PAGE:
Pneumonia in COPD patients has distinct clinical features

By Joanna Lyford, Senior medwireNews Reporter

The aetiology and clinical features of community-acquired pneumonia (CAP) are different in people with chronic obstructive pulmonary disease (COPD) than in those without the lung condition, Spanish research demonstrates.

These differences are clinically relevant and should be taken into account when deciding how to manage pneumonia in patients with COPD, say Carolina Garcia-Vidal (University of Barcelona) and co-authors writing in PLoS One.

CAP is a frequent complication of COPD but the impact of lung disease on CAP course is unclear. To investigate, the team analysed information on 4121 patients who were hospitalised with CAP episodes over a 16-year period.

The prevalence of COPD in the cohort was 23.9%, which is in line with previous reports, say the authors. The median forced expiratory volume in 1 second was 50.0% and 57.8% had severe or very severe COPD.

There were many differences between patients with and without COPD. For instance, those with COPD were older and more often male, current or ex-smokers and heavy alcohol users. They were also more likely to have chronic comorbidities such as heart disease and cancer, and more likely to have been vaccinated against pneumococcus and influenza.

Regarding clinical features on admission, patients with COPD were more likely than others to have a cough, expectoration, purulent sputum, dyspnoea, tachypnoea and respiratory failure, and less likely to have fever, diarrhoea, headache, arthromyalgias, multilobar infiltrates, pleural effusion, empyema and bacteraemia.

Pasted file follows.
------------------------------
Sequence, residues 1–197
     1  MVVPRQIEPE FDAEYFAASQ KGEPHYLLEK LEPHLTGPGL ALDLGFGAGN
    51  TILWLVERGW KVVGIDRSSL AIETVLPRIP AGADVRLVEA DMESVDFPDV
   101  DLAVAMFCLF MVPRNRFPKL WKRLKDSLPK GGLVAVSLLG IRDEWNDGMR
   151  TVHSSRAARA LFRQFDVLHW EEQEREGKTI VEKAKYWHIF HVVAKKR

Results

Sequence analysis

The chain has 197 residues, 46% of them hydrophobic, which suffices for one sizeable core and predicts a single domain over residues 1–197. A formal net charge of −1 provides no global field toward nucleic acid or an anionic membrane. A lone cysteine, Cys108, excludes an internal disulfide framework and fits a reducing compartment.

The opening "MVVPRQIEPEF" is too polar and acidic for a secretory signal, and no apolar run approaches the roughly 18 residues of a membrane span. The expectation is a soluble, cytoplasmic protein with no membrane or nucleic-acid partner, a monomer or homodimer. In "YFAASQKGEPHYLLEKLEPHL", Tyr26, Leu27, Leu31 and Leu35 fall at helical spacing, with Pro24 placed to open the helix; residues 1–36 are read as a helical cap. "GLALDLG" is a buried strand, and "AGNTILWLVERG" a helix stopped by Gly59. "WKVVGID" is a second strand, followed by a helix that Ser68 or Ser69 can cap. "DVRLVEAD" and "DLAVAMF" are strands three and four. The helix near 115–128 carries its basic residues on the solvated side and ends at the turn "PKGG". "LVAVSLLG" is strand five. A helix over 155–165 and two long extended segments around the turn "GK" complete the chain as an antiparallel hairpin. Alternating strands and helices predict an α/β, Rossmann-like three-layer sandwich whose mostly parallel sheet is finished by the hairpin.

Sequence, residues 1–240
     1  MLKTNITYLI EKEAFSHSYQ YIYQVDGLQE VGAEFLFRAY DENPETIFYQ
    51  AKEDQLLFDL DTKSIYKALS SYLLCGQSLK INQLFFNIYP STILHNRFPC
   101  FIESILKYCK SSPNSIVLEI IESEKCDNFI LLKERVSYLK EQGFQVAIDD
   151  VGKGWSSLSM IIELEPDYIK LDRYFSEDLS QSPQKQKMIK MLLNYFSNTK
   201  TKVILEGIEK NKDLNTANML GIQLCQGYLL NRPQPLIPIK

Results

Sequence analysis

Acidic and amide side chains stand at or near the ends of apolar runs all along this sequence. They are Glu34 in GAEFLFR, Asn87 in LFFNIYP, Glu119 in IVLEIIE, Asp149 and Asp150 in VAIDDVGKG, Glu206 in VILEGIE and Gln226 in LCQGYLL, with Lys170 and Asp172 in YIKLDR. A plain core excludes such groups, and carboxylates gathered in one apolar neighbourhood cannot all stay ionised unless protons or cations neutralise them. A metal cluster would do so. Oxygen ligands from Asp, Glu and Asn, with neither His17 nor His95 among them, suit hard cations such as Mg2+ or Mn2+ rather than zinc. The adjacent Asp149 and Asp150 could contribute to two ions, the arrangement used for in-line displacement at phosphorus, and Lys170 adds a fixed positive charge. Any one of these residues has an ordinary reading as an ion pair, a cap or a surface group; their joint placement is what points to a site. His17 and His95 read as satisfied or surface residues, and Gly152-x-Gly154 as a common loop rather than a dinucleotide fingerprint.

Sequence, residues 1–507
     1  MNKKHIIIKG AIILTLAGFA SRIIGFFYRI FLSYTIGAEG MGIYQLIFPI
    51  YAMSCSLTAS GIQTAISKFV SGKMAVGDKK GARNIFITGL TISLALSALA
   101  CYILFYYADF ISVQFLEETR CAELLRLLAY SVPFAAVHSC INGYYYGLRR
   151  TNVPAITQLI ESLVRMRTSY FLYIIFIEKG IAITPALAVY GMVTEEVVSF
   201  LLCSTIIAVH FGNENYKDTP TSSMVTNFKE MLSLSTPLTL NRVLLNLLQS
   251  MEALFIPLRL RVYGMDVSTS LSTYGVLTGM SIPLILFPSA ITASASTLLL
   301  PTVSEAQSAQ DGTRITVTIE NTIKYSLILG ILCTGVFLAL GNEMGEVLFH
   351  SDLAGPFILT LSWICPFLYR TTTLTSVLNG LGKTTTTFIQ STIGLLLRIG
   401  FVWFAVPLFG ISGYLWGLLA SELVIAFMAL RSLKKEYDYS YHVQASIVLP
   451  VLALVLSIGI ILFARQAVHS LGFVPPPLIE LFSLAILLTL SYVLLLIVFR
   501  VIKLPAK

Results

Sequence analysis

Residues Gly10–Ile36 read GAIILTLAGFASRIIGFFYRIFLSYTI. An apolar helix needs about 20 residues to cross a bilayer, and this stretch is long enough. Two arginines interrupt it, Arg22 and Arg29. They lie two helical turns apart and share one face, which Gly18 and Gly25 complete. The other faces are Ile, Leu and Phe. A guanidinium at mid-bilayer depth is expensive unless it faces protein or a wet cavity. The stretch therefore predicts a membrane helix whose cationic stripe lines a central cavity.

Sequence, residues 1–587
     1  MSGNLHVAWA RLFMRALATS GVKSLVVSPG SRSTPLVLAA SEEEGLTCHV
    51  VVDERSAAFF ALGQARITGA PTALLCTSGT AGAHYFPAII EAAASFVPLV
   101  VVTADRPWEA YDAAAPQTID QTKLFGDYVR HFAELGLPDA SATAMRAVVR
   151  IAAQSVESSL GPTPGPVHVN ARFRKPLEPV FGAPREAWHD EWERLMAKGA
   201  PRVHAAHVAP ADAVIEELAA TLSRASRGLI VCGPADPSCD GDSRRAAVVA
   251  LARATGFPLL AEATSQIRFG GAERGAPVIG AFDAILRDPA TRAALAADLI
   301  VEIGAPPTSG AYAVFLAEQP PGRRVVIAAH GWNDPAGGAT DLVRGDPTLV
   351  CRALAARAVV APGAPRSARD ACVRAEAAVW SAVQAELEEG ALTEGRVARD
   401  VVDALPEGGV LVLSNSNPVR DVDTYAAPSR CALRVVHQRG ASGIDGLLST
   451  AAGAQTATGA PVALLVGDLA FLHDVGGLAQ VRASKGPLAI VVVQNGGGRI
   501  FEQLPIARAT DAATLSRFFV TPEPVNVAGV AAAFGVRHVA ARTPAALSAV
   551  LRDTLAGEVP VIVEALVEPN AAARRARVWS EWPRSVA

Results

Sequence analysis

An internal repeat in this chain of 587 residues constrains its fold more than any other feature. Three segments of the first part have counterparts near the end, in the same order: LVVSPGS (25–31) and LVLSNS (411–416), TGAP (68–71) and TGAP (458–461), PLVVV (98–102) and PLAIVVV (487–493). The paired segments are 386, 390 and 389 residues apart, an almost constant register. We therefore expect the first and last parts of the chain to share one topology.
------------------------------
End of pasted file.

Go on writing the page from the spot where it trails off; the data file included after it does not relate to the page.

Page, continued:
Patients were COPD were admitted to hospital 3 days after the onset of clinical symptoms, versus 4 days in those without COPD.

Streptococcus pneumoniae was the most frequent causative organism in both groups, accounting for 36.5% of infections in patients with COPD and 33.4% in those without COPD.

However, Haemophilus influenzae and Gram-negative bacilli, especially Pseudomonas aeruginosa, were more frequent in patients with COPD than in those without, while Legionella pneumophila, atypical agents and aspirative pneumonia were less common.

Bacteraemia occurred less often in patients with COPD than in those without (9.1 vs 13.3%), as did pneumococcal bacteraemia. But bacteraemia caused by P. aeruginosa was more common.

In terms of outcomes, risk factors for mortality in the COPD group included multilobar pneumonia, P. aeruginosa aetiology and high-risk pneumonia severity index classes, with multivariate-adjusted odds ratios (OR) of 2.9, 19.1 and 10.3, respectively. Meanwhile, prior pneumococcal vaccination was protective against mortality, with an OR of 0.2.

Garcia-Vidal and co-authors write: “Although S. pneumoniae is the leading causative organism, Gram-negative bacilli and P. aeruginosa should also be taken into account, especially in patients with severe COPD receiving oxygen therapy at home.”

They add: “[P]rior pneumococcal vaccine was found to be protective, which should encourage physicians to increase the use of this vaccine in the COPD population.”

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The opinions expressed here are the views of the writer and do not necessarily reflect the views and opinions of News Medical.
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